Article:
Many interesting debates sparked off when the Singapore Budget 2013 was released, but it seems the change in regulation related to the local automotive industry made the biggest impact, especially to those who have been waiting and waiting to buy a car. Those who thought there would be high number of de-registrations resulting in more COE quota and thus lower COE prices come 2016 — it came early, albeit with a twist.
Increase in ARF
The increase in ARF is relatively insignificant at this point unless you are buying a McLaren or Ferrari. The relative change in depreciation is only half the amount of the increase, i.e. if you are paying $10K more for ARF, the increase in depreciation is only $5K more or $500/year. This is because 50% of the ARF is refundable at the end of 10 years.
Tightening of Financial Leverage
No more 0% down payment and buying cars at pasar malam. Many middle income and fresh graduates are probably screaming that their dreams are busted.
While I personally think 40-50% is quite extreme (30-40% would have been more manageable), I feel it is good that MAS placed a cap to enforce financial prudence. One should never buy an expensive car with no upfront cash.
That said, I think there is a possibility that MAS will review these limits in another 1-2 years after the market has stabilized given the potential impact it may have on businesses.
What about used cars?
From my limited understanding, used cars are subject to the same terms: Maximum 5 years and at least 40% or 50% down payment (depending on OMV at time of registration). This means if you buy a 5 year old car, you can take a full 5 year loan with a 40% or 50% cash outlay.
So what does this mean for the car buyer?
Here’s what I think:
- COE prices will drop by applying simple supply-demand mechanics; I am guessing to 2010-2011 levels or between $30-60K. This also means that new car prices will drop across the board except for very high end luxury cars with OMV exceeding $80K.
- Loan interests will go up. The supply-demand concept does not work for auto loans because the demand is relatively inelastic. Recall in 2008 interest rates were 2.8% despite cars being cheap and demand being high. With the new rules banks lose up to 75% of their revenue and will find ways to recover them.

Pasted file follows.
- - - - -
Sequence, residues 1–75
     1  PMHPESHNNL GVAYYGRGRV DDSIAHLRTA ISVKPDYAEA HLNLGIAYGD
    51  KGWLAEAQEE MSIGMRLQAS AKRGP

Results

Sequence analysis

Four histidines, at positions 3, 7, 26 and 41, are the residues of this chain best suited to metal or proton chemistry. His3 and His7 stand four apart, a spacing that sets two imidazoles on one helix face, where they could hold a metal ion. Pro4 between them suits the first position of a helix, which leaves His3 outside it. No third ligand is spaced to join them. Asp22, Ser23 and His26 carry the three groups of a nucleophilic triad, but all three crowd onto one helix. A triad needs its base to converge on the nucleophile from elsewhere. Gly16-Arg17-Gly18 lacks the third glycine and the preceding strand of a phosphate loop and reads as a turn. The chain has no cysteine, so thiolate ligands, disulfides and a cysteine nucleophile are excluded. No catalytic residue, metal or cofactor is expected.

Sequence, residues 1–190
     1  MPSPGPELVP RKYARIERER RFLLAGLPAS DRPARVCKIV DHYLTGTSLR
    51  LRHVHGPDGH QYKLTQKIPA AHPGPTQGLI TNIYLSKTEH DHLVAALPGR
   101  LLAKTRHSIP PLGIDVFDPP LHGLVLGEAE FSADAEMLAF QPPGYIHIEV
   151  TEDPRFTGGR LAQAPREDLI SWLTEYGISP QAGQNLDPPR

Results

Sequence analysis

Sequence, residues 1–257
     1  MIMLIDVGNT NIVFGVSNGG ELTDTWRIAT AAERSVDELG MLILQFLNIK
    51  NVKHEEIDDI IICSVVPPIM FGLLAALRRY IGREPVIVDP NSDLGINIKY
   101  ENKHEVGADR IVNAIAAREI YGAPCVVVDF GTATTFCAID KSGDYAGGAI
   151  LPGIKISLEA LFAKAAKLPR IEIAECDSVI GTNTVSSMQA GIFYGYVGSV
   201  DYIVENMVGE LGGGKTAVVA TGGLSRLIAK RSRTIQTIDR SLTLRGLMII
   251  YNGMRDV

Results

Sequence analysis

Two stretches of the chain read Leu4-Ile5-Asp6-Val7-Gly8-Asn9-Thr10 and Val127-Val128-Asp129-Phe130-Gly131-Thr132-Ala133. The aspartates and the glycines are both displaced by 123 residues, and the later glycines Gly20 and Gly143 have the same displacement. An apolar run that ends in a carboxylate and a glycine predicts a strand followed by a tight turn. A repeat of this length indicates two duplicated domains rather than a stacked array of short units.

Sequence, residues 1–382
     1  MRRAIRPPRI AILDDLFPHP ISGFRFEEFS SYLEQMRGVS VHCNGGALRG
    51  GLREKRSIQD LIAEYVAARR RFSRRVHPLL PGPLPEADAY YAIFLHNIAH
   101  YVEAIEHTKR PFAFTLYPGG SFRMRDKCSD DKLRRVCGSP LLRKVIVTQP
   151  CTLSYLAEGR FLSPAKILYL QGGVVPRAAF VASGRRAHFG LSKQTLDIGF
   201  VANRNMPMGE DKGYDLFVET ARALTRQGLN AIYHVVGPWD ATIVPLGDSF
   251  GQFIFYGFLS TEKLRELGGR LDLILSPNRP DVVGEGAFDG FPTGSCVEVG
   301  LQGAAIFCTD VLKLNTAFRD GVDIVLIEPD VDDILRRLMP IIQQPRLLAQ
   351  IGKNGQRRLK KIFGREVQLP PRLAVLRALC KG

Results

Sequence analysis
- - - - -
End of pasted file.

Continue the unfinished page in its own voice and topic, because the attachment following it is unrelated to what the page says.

- Cashback schemes and overtrades will be back with a vengeance. Interest rates for these schemes may go up to 6%.
- Used car prices will also follow the drop in tandem with new car prices, albeit with a delay. A lot of used car dealers took in cars at inflated values over the past few years. They will have to let their overpriced stocks erode. So my advice is to wait a bit.
- Relatively new cars purchased between late 2010 to early 2013 will suddenly lose their resale value as COE prices tumble. Owners of these cars will have to hold on to their cars longer before selling. Car modification workshops will huat.
- Used cars above 4 years of age suddenly becomes very attractive. People who are tight on finances should look to buy older cars with much lesser initial outlay.
- There is a possibility that older car prices start to rise due to the increased demand caused by lower cash outlay.
- COE renewal will become viable as COE prices tumble. The cash outlay for a COE renewal versus down payment for a new car are going to match up really close. We will start to see a lot of old Nissan Sunny and Mitsubishi Lancers. Repair workshops will huat.
- Hopefully prices of motor insurance will drop due to reduced car prices, but I think that would be fat hope.
What can I afford?
That said, can a person with about $8-10K of cash to spare still buy a car? Yes he/she can. A small hatchback from 2005 will give him/her an extremely low monthly installments at only S$200+.
Now that is much more financially sound.
In summary, the government is telling you that when COE drops to $30K it’s not for you to go buy a Ferrari, and that with S$5K in your bank don’t go and buy car.